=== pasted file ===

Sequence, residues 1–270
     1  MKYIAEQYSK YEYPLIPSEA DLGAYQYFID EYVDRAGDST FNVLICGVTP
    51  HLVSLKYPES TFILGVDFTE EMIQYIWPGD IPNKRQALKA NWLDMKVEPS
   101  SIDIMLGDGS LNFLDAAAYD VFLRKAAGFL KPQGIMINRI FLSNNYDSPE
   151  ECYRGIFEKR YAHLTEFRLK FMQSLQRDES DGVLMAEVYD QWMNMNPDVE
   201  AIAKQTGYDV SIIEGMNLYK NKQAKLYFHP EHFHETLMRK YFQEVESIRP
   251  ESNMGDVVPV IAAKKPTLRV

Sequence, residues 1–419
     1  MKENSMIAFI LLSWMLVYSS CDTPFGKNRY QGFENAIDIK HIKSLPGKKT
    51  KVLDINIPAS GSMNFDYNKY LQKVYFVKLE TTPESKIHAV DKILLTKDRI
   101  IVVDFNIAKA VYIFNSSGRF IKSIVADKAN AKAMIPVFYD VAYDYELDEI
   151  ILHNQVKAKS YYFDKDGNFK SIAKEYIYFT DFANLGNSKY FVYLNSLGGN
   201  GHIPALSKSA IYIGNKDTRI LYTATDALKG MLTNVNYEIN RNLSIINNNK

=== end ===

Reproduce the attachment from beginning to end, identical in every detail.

Sequence, residues 1–270
     1  MKYIAEQYSK YEYPLIPSEA DLGAYQYFID EYVDRAGDST FNVLICGVTP
    51  HLVSLKYPES TFILGVDFTE EMIQYIWPGD IPNKRQALKA NWLDMKVEPS
   101  SIDIMLGDGS LNFLDAAAYD VFLRKAAGFL KPQGIMINRI FLSNNYDSPE
   151  ECYRGIFEKR YAHLTEFRLK FMQSLQRDES DGVLMAEVYD QWMNMNPDVE
   201  AIAKQTGYDV SIIEGMNLYK NKQAKLYFHP EHFHETLMRK YFQEVESIRP
   251  ESNMGDVVPV IAAKKPTLRV

Sequence, residues 1–419
     1  MKENSMIAFI LLSWMLVYSS CDTPFGKNRY QGFENAIDIK HIKSLPGKKT
    51  KVLDINIPAS GSMNFDYNKY LQKVYFVKLE TTPESKIHAV DKILLTKDRI
   101  IVVDFNIAKA VYIFNSSGRF IKSIVADKAN AKAMIPVFYD VAYDYELDEI
   151  ILHNQVKAKS YYFDKDGNFK SIAKEYIYFT DFANLGNSKY FVYLNSLGGN
   201  GHIPALSKSA IYIGNKDTRI LYTATDALKG MLTNVNYEIN RNLSIINNNK